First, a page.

The narration shifts to Cándido’s perspective, and backward in time to the night of the fire. América is still in labor and is holding tight to Dame Edith for comfort. Cándido has realized that Arroyo Blanco Estates is on the other side of the wall (which had not yet been built when Cándido was working there with Al Lopez.) He is deeply upset by “the thought that if all these people had been evacuated, abandoning all their things, their fine rich houses and their lawns and gardens and all the rest, then it looked grim for him and América.” Cándido sits by América’s side and prays.
Since he last saw the wall, Cándido’s perception of it has slightly shifted. Before, Cándido disregarded the wall, choosing instead to focus on working and earning money. Now, Cándido sees the wall as a representation of the disadvantage at which he and América find themselves. Without a house of their own, the Rincóns are far more vulnerable to the elements than the residents of Arroyo Blanco.
In the middle of the night, América gives birth. Cándido helps with the birth, including cutting the umbilical cord, and feels “exultant” at the fact that he now as “a son, the first of his line, the new generation born on American soil, a son who would have all the gabachos had and more.” However, as América begins to breastfeed, Cándido realizes that the baby is actually a girl. América announces that she will name the baby Socorro.
Cándido has anticipated having a son throughout América’s pregnancy, and though he is by no means devastated at the birth of his daughter, it is important to note the emphasis he placed on continuing “his line.” Regardless of her gender, Socorro is still a first-generation American, but Cándido’s fixation on having a son illustrates the importance he continually places on manhood.
The sun rises. Cándido has stayed awake the entire night, and is relieved that “the fire [has] spared them.” He climbs over the wall to find food. From the house abutting the wall, Cándido takes vegetables and tools from the garden shed, vowing “to the Virgin of Guadalupe that he [will] pay back everything he appropriates[s].” He uses a bucket of dog food to climb back over the wall, and then drags the bucket with him. Leaving the food and materials by the wall, Cándido heads into the hills to scout out a new campsite.
Cándido’s vow to compensate the people from whom he is stealing illustrates how important it is for him to maintain a sense of his own decency, despite his extreme circumstances. For all his tendency to revert to pessimism, Cándido works hard to preserve his dignity, refusing to allow his situation to strip him of his humanity.
“Five hundred yards up the dry wash that opened out on the development,” Cándido finds a place to make a new camp. As he shuttles his materials from the wall up the hill, Cándido makes plans to return to the canyon in search of the money he left buried there. He finds a stack of wooden pallets by the shed and takes them up the hill to begin work on a shelter. “If the fates were going to deny him his apartment,” he thinks, “well then, he would have a house, a house with a view.”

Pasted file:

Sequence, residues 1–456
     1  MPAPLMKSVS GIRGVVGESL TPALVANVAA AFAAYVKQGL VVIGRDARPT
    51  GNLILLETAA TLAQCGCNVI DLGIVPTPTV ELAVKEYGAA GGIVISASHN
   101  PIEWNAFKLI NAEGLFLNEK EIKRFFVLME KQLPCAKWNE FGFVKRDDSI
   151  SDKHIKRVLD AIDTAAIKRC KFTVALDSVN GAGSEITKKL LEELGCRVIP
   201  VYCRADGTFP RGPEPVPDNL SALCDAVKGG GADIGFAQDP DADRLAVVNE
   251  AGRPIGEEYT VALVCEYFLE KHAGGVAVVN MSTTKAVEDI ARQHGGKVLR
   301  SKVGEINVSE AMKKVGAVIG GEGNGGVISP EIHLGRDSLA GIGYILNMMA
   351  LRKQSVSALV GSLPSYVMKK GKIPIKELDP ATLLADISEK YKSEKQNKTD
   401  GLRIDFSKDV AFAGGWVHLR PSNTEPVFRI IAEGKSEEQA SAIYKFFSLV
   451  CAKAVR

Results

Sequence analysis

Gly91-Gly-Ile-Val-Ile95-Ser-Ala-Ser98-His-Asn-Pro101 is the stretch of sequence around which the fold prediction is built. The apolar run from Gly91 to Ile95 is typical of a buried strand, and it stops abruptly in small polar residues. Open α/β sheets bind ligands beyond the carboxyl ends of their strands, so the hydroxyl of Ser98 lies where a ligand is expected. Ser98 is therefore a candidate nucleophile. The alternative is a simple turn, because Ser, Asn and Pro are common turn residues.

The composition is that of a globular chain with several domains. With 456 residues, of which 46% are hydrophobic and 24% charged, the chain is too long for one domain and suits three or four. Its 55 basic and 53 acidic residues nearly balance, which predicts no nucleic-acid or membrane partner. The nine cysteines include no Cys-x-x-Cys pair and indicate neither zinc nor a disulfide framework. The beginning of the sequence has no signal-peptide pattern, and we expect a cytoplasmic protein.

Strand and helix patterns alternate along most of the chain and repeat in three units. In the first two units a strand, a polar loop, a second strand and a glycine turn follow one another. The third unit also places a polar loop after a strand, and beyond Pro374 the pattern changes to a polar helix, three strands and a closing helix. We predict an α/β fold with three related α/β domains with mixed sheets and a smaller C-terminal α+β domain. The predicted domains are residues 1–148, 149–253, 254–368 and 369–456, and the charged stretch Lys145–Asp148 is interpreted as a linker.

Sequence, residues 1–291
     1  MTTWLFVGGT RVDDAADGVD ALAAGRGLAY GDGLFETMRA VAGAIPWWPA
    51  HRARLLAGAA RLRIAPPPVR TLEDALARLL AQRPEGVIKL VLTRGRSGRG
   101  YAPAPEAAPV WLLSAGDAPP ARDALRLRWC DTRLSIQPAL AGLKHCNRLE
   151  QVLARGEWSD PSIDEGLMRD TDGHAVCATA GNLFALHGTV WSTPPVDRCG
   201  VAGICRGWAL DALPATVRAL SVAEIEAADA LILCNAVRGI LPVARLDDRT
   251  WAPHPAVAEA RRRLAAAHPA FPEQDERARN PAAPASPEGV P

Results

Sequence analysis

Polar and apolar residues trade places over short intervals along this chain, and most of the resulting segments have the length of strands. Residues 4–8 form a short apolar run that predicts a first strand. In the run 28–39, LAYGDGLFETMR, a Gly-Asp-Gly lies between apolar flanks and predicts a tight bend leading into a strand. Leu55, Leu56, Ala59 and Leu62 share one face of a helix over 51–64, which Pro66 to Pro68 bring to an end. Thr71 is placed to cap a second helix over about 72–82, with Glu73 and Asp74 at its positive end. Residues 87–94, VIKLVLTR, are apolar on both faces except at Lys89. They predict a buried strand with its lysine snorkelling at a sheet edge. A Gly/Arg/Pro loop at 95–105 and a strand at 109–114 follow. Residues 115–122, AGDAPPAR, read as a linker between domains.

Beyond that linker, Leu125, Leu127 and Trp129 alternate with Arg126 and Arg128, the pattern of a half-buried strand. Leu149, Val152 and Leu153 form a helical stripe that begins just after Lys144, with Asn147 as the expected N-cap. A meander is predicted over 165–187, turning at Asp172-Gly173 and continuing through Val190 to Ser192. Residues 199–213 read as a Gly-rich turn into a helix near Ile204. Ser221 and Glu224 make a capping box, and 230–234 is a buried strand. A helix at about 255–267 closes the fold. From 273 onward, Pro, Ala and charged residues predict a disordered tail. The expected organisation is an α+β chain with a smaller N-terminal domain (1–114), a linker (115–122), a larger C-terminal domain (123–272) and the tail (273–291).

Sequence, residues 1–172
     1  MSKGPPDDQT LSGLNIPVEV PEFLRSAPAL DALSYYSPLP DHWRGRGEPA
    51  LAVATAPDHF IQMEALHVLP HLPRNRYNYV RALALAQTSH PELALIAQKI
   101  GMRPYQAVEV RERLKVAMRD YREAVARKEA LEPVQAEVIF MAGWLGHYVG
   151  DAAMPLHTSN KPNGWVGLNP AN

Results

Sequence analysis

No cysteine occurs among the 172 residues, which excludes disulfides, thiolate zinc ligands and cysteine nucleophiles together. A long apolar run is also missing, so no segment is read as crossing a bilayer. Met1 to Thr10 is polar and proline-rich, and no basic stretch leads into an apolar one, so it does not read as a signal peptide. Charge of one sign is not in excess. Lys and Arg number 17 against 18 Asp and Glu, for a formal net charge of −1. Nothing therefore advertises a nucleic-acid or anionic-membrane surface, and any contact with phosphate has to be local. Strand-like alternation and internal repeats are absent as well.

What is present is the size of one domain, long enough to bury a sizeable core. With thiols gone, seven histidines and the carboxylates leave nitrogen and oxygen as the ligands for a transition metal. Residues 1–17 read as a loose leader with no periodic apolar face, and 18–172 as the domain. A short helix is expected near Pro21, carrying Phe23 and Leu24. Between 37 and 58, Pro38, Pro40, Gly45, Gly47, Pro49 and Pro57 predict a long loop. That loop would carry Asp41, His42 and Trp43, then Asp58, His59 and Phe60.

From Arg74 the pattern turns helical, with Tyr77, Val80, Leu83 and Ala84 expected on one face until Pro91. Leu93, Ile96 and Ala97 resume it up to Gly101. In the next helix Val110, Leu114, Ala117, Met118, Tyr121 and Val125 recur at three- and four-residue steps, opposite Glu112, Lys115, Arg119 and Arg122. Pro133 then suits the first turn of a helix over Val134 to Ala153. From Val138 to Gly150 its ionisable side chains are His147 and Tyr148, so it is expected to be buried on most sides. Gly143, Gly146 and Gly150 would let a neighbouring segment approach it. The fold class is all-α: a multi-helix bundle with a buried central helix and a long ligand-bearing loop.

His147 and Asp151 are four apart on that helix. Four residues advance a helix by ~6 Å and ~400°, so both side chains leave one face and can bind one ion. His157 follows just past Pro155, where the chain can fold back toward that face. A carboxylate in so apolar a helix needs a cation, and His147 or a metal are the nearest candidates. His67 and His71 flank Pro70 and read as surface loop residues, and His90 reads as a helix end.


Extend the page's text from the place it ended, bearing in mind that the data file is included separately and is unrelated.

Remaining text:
Cándido’s determination to build himself a “house with a view” is depicted as triumphant in its defiance. Despite all the obstacles in his way, Cándido is committed to achieving the Dream, even if he has to modify the appearance and terms of that Dream.
After several hours of building, Cándido returns to the maintenance shed to fetch América and Socorro. América insists that she wants to “go home to [her] mother” but Cándido manages to prod her up the hill. He then makes another trip over the wall, and takes dog bowls and a carpet from a dog house. He also takes a sheet of corrugated plastic from the roof of a small greenhouse. As he is dragging the plastic back over the wall, a woman’s face appears in the window of her house. Cándido freezes, waiting for “the change to come over [her face], the look of astonishment, fear and hate,” but the woman does not see him.
The fact that Cándido expects the woman in the window to react to him with fear and hatred powerfully illustrates how unwelcome he has been made to feel in the United States. Indeed, no one in the present-day of the novel has shown Cándido the kind of genuine compassion that he received from the farmer in Oregon once upon a time. Thus, this small detail drives home the pervasiveness of anti-immigrant sentiment in this Los Angeles community.
Cándido makes his way across several yards until he arrives in the Mossbachers’ yard. There, he uses Delaney’s stepladder to mount the wall. As he drags his materials up the hill, Cándido thinks “of Christ with his cross and his crown of thorns and wonder[s] who had it worse.”
By mentally comparing himself to Christ, Cándido demonstrates his inflated sense of his own suffering and place in the world.
After completing the roof on his new shelter, Cándido sleeps. When he awakens he again thinks about retrieving his money from where it is buried in the canyon so that he can buy food for América, who will be breastfeeding from now on. As he is thinking this over he hears Dame Edith meowing and beckons her inside.
Despite Cándido’s resourcefulness and persistence in securing food for his family, the fact remains that the Rincóns are in a dire situation, especially now that they have a baby. This moment thus serves to reemphasize how incredibly challenging it is to survive as an immigrant to the States.